There is a lot confusion when it comes to the different types of frozen precipitation that we often experience during the winter, especially in the Midwest and New England.
The most obvious type of precipitation that we usually see on a daily basis is rain. Usually when precipitation falls in the atmosphere it encounters warm air in place on the way down that keeps the precipitation falling as rain as it comes down.
Freezing rain is a bit different compared to rain. This starts similar to the last instance in which precipitation high enough in the atmosphere is in the form of ice crystals but on the way down it becomes rain, however when it nears the surface, if the surface temperature happens to drop below freezing as it falls at the surface this can fall on the ground as freezing rain meaning that the rain freezes on contact. This is known as the one of the most dangerous types of precipitation due to its severe impacts on travel.
Sleet, similar to the last two with its origin begins as ice crystals as it falls in the upper atmosphere but this time there is only a narrow band of warm air that can accompany it and as it falls through the rest of the atmosphere and towards the surface. Colder air dominates more leading to rain freezing before it hits the surface and falling as ice pellets. Sleet is the safer bet as compared to freezing rain but can still have impacts on travel.
Snow starts with the similar process as compared to the first three precipitation types we mentioned. However, this time there is no warm air in place meaning that the precipitation that falls through the atmosphere and down the surface with stay as snow due to the fact that there is no warmer air in place to alter the precipitation type. Snow can lead to devastating impacts on the roadways and can wreak havoc on travel, especially with airplanes.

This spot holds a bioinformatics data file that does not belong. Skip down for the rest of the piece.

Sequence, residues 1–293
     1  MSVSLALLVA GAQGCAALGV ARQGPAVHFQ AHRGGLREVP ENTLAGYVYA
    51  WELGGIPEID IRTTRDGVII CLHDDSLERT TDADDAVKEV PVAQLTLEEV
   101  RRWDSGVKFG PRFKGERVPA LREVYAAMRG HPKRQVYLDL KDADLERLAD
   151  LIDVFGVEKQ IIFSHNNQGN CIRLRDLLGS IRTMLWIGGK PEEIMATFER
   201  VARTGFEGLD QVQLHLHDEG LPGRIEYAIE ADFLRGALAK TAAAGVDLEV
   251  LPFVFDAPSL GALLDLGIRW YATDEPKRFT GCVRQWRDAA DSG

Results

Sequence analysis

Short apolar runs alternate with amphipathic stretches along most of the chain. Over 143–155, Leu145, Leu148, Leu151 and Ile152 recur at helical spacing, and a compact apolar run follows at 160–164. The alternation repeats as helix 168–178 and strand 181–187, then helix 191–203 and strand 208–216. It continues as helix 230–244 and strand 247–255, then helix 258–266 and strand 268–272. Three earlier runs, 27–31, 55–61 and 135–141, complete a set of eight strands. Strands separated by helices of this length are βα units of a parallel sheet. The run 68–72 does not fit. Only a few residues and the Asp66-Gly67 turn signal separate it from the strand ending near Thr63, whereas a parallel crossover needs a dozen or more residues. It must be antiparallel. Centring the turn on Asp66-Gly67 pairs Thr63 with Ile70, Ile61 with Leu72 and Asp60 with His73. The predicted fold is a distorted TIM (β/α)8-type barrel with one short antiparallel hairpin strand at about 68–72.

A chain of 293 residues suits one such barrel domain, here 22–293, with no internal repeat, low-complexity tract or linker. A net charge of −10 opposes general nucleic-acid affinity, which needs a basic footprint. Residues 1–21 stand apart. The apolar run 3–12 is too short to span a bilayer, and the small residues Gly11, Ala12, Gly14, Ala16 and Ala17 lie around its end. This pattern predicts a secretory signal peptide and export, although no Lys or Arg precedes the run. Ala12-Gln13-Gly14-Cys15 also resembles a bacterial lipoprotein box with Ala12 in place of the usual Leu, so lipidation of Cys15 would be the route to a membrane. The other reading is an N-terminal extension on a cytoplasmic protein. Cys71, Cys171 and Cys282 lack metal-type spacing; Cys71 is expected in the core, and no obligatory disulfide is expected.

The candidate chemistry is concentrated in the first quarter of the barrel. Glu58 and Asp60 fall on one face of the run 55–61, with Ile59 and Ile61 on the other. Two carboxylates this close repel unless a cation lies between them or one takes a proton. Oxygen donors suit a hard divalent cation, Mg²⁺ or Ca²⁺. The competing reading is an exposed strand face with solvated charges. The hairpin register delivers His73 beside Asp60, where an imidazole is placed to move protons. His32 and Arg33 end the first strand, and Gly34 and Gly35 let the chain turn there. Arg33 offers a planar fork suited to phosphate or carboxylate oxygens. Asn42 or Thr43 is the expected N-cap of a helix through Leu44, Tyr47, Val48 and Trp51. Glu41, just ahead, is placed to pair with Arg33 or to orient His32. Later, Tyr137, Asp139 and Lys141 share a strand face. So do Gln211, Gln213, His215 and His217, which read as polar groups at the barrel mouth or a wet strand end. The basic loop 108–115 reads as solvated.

While these may be the main ones that we may experience during the course of the year, there are some types that are not as common but still do occur at any point during the year.
Hail is much different as compared to the precipitation types that have been mentioned so far. Hail forms when rain droplets get pulled back into thunderstorm clouds due to updraft winds and freeze over. Within the clouds, rain droplets collide with each other over and over again and once the hailstones are heavy enough to not be supported by the thunderstorm clouds, they fall through the atmosphere and onto the surface as hail. This can cause major problems such as damage to any property in the area such as cars, houses, businesses, and much more!
Graupel is a precipitation type that is associated with supercooled rain freezing onto a snow crystal as they fall through the atmosphere and hit the ground. They are known to be soft small pellets that often will melt when you pick them up from ground. They can only grow to be less than 0.2 inches in diameter. Luckily, this precipitation type is the most harmless out of all the other types because it doesn’t pose a threat to surfaces or to people.